During the Gary Hart rape trial, Margueritte Mills got a call from afriend who had some information about the alleged victim. The friendthought that Mills, who runs the Severna Park Voice newspaper, mightwant an exclusive story.
Mills politely declined, because such a story would not fit the ever-cheerful timbre of the Voice. The Voice speaks not of rape, murder, illegal drugs, death by fire or government scandal, but rather of social gatherings, honors bestowed upon public-spirited citizens, Old Glory and local people in the armed forces.It's a grab bag that might include a Page One poem in one issue, andin another, a full-page mock interview with the Teenage Mutant NinjaTurtles, written by a local woman.
"Oh, people loved it," Mills said of the turtles interview, whichwas accompanied by three turtle photos. "I had people take three or four copies so they could give them to friends.
"Mine is a community happy paper," says Mills. Of the hard news, she says, "Maybe I'd do better if I did print that kind of news, I don't know. But it's notwhat I want to do, so why do it? . . . That's not my cup of tea."
That's an apt metaphor for Mills, who has sipped from many a fine china cup while flying in the upper atmosphere of American society. As society writer for the San Diego Union and the Philadelphia Inquirer,and wife of a Marine Corps colonel, she hobnobbed with Eleanor Roosevelt and dined at the invitation of world-famous Washington hostess Perle Mesta. Now, at 73, she covers the social circuit in Severna Park, where she has lived for 30 years.
"To me, Severna Park is, strangely enough, cosmopolitan," says Mills, sitting in the living room ofher home on Old County Road, a few blocks from the Severn River. "I can take off my shoes and walk down to the beach or put on a luxurious hat and gloves and go to a party in D.C."
Even in her everyday clothes she carries a strong presence, moving and speaking with the verve of a much younger woman. Says her friend, John Underwood, of Severna Park: "If Margueritte Mills is at a party, you'll know it."
And she attends a lot of social gatherings around Severna Park, pickingup news at club meetings, at church and at the local supermarket. Ifit's good news, she's interested.
Blue-eyed and blonde, Mills looks like a cross between Betty White and Barbara Bush. She's a big fanof both George and Barbara, gushes about Gen. H. Norman Schwarzkopf,makes no apologies for former President Richard M. Nixon -- "the best president we've ever had for foreign affairs" -- and has unabashedly topped Page 1 of the Voice with an essay headlined: "Old Glory -- The Flag of the United States of America."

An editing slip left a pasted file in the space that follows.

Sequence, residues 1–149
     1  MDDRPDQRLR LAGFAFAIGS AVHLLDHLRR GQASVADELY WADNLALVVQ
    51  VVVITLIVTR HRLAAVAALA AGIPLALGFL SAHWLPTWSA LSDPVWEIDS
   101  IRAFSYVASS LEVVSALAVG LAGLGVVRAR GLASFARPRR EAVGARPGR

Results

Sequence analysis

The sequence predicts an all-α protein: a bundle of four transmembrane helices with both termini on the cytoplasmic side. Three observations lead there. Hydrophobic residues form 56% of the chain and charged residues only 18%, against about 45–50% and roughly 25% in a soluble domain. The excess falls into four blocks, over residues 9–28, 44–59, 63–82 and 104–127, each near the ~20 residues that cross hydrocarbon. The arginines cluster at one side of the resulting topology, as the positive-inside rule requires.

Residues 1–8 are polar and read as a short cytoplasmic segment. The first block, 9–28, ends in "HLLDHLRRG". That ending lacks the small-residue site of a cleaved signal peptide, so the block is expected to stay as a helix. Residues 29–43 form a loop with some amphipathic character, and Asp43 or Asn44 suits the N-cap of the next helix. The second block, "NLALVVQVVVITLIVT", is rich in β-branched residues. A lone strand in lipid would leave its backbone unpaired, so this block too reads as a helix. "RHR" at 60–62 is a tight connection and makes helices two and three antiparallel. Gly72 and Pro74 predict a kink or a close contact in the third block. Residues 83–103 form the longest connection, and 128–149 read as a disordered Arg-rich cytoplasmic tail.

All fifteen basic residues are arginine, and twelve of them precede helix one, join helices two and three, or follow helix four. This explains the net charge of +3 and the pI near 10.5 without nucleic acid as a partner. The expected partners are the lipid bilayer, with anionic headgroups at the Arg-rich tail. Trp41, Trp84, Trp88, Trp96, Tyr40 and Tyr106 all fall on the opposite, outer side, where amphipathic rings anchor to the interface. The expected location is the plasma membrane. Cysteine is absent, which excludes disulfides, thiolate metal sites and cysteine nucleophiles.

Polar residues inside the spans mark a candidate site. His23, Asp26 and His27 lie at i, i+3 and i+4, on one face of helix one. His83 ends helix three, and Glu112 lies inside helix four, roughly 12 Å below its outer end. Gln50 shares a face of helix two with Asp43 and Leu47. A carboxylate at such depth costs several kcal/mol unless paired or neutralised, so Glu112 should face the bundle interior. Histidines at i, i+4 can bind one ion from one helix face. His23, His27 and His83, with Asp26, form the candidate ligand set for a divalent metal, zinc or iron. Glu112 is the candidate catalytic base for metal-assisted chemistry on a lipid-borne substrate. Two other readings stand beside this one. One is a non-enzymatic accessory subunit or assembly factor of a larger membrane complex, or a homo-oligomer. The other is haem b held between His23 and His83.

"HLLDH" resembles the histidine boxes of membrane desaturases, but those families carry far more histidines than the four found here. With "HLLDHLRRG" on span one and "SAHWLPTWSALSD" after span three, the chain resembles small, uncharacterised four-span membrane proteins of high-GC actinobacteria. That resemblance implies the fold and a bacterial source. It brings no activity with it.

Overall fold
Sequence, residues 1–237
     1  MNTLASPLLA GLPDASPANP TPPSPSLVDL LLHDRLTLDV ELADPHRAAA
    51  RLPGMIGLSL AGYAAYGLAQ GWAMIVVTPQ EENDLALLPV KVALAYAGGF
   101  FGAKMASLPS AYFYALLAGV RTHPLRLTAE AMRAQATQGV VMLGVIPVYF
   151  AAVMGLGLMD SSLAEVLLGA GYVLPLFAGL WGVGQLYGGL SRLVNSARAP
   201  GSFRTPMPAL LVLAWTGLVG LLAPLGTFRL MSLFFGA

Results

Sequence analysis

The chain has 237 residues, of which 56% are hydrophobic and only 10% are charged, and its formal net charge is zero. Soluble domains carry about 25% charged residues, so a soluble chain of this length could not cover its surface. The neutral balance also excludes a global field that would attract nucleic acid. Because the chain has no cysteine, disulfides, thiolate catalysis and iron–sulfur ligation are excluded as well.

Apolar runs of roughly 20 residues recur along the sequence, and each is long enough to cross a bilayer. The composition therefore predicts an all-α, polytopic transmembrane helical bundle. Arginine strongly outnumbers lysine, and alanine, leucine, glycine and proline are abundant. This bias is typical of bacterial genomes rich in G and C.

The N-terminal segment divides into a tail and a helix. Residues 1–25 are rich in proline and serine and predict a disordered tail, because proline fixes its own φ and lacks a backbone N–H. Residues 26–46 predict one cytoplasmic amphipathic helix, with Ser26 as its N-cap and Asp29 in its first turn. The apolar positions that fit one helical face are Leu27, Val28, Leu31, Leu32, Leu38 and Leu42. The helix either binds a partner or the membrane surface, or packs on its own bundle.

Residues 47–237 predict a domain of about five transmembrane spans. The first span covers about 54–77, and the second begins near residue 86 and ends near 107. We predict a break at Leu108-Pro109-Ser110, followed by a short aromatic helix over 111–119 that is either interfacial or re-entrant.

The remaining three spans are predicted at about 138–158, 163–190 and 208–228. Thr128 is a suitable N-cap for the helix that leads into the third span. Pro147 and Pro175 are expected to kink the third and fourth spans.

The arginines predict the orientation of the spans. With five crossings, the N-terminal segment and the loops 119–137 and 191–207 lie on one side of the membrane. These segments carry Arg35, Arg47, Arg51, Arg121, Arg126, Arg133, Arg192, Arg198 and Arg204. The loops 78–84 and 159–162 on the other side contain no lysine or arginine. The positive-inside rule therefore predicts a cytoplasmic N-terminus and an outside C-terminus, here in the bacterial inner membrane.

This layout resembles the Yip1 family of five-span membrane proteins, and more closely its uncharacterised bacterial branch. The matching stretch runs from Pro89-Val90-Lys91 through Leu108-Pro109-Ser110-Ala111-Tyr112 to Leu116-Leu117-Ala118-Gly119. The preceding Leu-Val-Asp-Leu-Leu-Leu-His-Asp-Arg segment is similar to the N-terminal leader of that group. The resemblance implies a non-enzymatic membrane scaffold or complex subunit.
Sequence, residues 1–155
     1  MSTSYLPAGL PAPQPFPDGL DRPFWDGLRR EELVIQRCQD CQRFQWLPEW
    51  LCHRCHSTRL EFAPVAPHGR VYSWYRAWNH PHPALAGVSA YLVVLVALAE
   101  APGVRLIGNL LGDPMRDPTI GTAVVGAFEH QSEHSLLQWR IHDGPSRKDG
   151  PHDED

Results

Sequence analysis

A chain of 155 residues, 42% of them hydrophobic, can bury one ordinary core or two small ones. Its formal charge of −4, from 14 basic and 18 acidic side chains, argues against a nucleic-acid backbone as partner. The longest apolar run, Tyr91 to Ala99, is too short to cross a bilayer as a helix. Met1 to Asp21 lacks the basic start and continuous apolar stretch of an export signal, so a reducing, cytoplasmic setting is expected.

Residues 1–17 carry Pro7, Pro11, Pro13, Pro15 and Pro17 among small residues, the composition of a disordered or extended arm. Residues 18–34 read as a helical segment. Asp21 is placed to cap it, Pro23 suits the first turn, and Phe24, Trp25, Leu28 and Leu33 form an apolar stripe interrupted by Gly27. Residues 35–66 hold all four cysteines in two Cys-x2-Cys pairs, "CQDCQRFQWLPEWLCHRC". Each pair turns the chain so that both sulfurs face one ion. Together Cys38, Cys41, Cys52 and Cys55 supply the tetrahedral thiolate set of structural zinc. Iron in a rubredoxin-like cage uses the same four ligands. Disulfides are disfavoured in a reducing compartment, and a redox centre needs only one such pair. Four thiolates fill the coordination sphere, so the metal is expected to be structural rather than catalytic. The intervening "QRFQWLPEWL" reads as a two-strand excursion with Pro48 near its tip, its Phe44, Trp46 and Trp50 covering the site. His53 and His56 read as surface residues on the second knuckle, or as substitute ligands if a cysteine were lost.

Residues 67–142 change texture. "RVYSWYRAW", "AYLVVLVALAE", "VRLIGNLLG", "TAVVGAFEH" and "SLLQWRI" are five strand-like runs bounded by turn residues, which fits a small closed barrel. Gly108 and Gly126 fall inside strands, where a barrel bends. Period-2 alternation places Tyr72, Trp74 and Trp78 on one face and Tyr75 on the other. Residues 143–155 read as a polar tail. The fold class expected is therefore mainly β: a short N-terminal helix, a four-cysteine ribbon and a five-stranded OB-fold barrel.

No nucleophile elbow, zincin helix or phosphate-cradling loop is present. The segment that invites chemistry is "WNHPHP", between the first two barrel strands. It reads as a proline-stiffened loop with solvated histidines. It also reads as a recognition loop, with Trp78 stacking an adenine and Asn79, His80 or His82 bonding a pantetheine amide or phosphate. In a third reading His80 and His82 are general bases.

In its fifth year, the Voice is published twice a month 10 months a year, once a month in July and August. Between 5,000 and 10,000 copies of each issue are mailed free to homes, libraries, local stores. The paper survives on the business of between six and eight regular advertisers, and Mills has vowed that "if I ever go into the red, I'll quit."
She entered the community newspaper business about six years ago, when the publisher of the local Pennysaver asked her to help him run a paper called the Park Voice. After less than a year, the paper folded, and Mills decided to fill the gap with her own paper.
"I want it to be rewarding,educational," says Mills, who ran the Senior Sentinel newspaper for the county Department on Aging from 1977-1979. "I want to let people know what's going on in the area."
The area is not limited to Severna Park. The June 25 issue, for example, featured photographs from aNaval Academy garden party on Page 1 and a story and photographs on academy graduation on Page 7. A Page 5 story reported on the opening of a new geriatric center at Francis Scott Key Medical Center in Baltimore.
Photos on Page 14 wandered even further afield, showing General Schwartzkopf and Desert Storm troops in Saudi Arabia. Mills requested the pictures from U.S. Central Command in Florida to accompany an essay by Severna Park resident Estelle B. White. The essay likenedDesert Storm troops to the Colonists who fought the American Revolution.
Six days a week, Mills goes to the mailbox to find it crammedwith material: essays, poems, news of upcoming social events, fliersfrom community organizations. She writes up some of the material herself, assigns some stories to her writer, Denise Bailey-Jackson, a fellow San Diegan who joined the paper in February. The material gets typed into Mills' home computer, printed on her laser printer, then pasted up in newspaper format. Mills then drives the pages to the Carroll County Times in Westminster, where the paper is printed.